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Fix tooth sensitivity
Sensitive teeth can cause even the most basic activities to be painful. Brushing your teeth, eating, and even drinking can cause sharp pain in sensitive teeth; while the pain is temporary, it can be quite unpleasant. Teeth usually develop excessive sensitivity because of worn down enamel or exposed roots, though pain or discomfort in the teeth can also be caused by worn fillings, chipped or cracked teeth, gum disease, or cavities. Your dentist can help you if you are bothered by tooth sensitivity. Depending on the cause, your dentist may recommend one of many types of treatment. Desensitizing toothpaste, when used regularly, can block the pain that comes with sensitive teeth. There are many over-the-counter desensitizing toothpastes available so ask your dentist which of these might work best for your specific needs. Fluoride treatments may also help strengthen tooth enamel and reduce the pain of sensitive teeth. Your dentist may provide these fluoride treatments in-office, or they may provide a prescription for a home fluoride treatment to be applied in a custom tray.
If your tooth sensitivity is caused by exposed root surfaces, these exposed surfaces can be treated with bonding resin, which covers and protects the exposed root surfaces. If your dentist chooses a bonding procedure for your sensitive teeth, a local anesthetic may be used. If the roots of your teeth are exposed because you have lost gum tissue, your dentist may recommend removing a small amount of healthy gum tissue from one area of the mouth and surgically grafting it to the area where the roots are exposed, protecting the roots and decreasing sensitivity.
If these less-invasive treatments don’t provide relief and your dentist determines that your tooth sensitivity is caused by an infection in the soft pulp inside the tooth, they may recommend a root canal. A root canal procedure cleans the damaged pulp out from deep inside the tooth and can be an involved process, but it is considered the most successful treatment for tooth sensitivity.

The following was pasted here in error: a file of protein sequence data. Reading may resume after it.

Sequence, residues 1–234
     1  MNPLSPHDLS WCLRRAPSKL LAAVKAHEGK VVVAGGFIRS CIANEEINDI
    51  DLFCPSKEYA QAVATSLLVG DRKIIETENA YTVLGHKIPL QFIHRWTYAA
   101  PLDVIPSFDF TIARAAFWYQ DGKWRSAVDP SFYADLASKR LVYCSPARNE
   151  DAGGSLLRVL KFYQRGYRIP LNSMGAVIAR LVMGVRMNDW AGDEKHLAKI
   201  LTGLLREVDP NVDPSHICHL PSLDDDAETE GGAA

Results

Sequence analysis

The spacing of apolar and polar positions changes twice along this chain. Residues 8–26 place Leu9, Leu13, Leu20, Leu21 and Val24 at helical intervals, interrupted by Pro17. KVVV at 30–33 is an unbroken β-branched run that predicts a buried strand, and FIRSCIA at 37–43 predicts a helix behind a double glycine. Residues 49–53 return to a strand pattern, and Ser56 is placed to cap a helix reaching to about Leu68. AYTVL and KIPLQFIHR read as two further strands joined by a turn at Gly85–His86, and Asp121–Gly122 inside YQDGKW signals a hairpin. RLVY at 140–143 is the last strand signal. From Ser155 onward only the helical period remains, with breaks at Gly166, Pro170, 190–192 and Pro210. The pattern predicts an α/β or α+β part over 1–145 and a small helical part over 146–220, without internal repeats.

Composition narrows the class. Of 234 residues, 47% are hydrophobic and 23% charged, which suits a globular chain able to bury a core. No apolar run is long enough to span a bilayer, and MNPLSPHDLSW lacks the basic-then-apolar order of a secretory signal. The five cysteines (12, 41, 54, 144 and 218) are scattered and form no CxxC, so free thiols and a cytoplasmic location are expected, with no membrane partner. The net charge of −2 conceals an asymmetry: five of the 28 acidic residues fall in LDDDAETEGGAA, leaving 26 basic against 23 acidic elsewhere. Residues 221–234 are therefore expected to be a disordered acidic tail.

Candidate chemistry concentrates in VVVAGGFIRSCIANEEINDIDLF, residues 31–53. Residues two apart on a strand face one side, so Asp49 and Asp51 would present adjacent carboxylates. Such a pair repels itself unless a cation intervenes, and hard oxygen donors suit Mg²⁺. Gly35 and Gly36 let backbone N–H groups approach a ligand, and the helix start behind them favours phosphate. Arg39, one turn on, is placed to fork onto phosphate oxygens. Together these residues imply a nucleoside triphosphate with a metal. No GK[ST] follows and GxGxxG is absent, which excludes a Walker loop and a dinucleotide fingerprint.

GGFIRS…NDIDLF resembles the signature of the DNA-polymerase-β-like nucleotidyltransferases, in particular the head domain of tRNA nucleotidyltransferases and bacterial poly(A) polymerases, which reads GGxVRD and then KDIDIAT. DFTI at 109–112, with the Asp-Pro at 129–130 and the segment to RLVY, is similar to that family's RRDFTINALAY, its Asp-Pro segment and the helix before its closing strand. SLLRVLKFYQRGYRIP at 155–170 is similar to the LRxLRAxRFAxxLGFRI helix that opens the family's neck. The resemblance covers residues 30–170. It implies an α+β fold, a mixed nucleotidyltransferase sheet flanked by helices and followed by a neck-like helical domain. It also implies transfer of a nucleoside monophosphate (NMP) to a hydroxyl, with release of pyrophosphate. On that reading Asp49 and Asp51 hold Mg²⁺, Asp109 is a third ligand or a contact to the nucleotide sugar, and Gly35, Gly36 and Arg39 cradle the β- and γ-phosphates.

To prevent tooth sensitivity from recurring or appearing in the first place, the best course of action for preventing tooth sensitivity is to brush your teeth twice a day with a soft-bristled brush and fluoride toothpaste, and floss daily. To brush properly, use gentle, circular strokes on the surfaces of the teeth and the biting surfaces, being careful to brush the gumline gently -- just enough to clean the area but not enough to damage this soft tissue. Your dentist can show you proper brushing technique when you go for a routine visit. Try to avoid using an abrasive toothpaste, and, if you habitually grind your teeth, talk to your dentist about using a mouth guard. Drinking acidic liquids, such as carbonated beverages, citrus juices, or wine, can slowly degrade the enamel on your teeth, so consider using a straw or alternating with drinks of water to rinse the mouth and rebalance the acid levels in the mouth. If you have questions about your tooth sensitivity or need a recommendation, be sure to note these in advance of your next dental appointment, and don’t be afraid to ask for guidance or recommendations from your dentist.
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